Disabled seek transport discount

PUBLISHED : Monday, 07 July, 2008, 12:00am
UPDATED : Monday, 07 July, 2008, 12:00am

Hundreds of disabled people crowded into the Central MTR station yesterday to demand a 50 per cent discount on public transport.

Lawmakers and activists said the half-fare arrangement would benefit both the disabled and transport companies, with disabled people becoming better integrated into the community and the companies increasing their income from fares.

An increase in the disability allowance by HK$200 a month to subsidise transport costs, proposed in February, would not be enough to cover rising fares, they said.

Yesterday's protest, which was attended by more than 800 disabled people and organised by the Half-Fare in Public Transport for People with Disability alliance, was the fourth annual petition in the station with the MTR Corporation's permission.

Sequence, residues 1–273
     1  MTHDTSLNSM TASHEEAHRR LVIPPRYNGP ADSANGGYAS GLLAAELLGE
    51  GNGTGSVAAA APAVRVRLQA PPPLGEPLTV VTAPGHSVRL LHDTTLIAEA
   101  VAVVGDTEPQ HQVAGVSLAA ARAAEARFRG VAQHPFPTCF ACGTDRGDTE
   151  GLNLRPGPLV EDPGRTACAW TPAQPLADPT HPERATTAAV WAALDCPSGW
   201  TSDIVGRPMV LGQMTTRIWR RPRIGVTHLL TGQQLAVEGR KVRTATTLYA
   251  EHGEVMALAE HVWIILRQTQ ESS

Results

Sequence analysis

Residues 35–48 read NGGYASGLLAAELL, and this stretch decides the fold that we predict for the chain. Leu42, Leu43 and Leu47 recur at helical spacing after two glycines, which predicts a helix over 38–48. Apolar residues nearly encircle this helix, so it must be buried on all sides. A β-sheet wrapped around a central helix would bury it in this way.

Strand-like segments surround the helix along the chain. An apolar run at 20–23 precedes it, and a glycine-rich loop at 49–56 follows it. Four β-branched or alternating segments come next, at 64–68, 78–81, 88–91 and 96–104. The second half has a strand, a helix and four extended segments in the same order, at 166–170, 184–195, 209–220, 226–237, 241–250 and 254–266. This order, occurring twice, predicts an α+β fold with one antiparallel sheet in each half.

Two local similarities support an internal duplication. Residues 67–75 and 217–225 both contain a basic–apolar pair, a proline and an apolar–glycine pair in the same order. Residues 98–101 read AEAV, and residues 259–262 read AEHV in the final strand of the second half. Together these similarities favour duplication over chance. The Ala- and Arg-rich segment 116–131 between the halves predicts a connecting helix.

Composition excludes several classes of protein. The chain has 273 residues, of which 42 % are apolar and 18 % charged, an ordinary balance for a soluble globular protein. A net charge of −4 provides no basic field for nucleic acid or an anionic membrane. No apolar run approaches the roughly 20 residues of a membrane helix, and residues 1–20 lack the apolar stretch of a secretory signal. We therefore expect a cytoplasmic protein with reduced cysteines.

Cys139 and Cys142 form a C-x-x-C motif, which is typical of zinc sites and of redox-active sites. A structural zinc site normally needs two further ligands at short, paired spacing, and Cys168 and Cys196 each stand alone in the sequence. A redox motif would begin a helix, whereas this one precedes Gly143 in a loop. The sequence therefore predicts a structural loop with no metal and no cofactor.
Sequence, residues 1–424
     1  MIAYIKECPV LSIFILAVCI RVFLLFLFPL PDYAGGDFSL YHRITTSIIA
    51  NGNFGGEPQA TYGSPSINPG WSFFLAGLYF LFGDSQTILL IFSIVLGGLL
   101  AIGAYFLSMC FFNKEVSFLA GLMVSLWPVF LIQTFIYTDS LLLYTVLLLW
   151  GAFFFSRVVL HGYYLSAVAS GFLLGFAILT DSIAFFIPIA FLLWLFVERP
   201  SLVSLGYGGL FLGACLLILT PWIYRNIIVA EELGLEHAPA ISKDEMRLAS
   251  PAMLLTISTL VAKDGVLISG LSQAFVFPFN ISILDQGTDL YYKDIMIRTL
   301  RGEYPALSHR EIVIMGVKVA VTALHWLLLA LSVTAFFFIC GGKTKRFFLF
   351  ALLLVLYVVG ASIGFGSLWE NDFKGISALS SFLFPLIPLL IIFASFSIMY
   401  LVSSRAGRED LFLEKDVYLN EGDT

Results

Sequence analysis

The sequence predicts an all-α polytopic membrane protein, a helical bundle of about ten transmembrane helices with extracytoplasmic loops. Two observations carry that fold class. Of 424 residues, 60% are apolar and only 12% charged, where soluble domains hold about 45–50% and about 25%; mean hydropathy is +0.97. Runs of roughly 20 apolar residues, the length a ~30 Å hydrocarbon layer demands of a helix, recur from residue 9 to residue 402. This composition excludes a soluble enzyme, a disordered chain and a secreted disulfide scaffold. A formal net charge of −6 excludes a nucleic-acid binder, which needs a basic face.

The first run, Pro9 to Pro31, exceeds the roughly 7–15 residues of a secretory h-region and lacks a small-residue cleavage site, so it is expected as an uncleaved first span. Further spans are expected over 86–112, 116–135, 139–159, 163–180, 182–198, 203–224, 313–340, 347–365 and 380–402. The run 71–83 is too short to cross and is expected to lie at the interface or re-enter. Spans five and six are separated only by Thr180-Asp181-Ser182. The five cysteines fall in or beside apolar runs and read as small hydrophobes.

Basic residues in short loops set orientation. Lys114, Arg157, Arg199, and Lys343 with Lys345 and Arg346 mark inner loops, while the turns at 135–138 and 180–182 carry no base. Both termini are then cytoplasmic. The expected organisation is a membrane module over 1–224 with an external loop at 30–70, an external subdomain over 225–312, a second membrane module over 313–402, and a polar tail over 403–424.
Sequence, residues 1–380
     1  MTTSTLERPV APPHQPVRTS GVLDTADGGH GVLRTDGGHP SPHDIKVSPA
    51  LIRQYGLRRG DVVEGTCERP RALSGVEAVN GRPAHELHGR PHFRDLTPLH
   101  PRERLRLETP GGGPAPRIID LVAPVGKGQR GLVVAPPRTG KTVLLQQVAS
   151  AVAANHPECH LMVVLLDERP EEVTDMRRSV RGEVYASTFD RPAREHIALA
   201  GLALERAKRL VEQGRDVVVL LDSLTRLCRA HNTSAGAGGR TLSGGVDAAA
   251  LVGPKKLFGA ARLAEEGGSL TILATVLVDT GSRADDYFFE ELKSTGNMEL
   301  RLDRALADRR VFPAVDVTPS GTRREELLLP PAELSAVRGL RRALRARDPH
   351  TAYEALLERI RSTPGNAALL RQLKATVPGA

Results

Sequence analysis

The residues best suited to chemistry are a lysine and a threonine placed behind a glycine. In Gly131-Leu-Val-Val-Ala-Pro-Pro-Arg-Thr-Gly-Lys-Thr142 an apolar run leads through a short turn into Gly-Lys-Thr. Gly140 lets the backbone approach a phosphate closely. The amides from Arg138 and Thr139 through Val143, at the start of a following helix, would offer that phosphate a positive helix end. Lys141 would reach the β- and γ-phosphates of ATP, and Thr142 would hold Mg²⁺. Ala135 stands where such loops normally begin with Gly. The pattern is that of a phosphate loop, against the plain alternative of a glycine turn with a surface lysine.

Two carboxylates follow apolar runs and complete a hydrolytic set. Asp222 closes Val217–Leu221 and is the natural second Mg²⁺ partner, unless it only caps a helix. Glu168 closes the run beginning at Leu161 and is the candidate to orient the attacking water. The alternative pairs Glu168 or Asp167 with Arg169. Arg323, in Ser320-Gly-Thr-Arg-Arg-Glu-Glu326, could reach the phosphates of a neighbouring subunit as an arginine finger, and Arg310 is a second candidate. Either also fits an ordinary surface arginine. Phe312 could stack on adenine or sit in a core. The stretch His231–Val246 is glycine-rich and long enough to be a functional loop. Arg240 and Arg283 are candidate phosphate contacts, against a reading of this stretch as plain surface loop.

The alliance wants transport companies to issue a special Octopus card for the disabled that would give them the concession when travelling.

Alliance convenor Chong Chan-yau said the government, being the largest shareholder in the MTR Corp, could push the company to be the first to offer the discount. This would be in keeping with the government's claim to be focused on building an integrated society with equal opportunity for people with disabilities.

He urged the MTR, which had a huge surplus every year, to show corporate responsibility. Civic Party lawmaker Alan Leong Kah-Kit agreed that the half-fare discount was essential to help develop an integrated society.

Another alliance convener, Allen Chan Kam-yuen, said many disabled people were on low incomes or unemployed, and some might need to spend HK$400 to HK$500 a month on transport.

He said research by the University of Hong Kong last year had found the half-fare arrangement would encourage more disabled people and their families to travel, which would bring more income to the companies. Paul Surtees, honorary fund-raising ambassador of the Hong Kong Federation of the Blind, supported the discount but said it should be paid by the government so MTR shareholders would not suffer a loss.

'The MTR stations are well designed for the disabled, but they cannot afford to travel often', he said.

 
 
 

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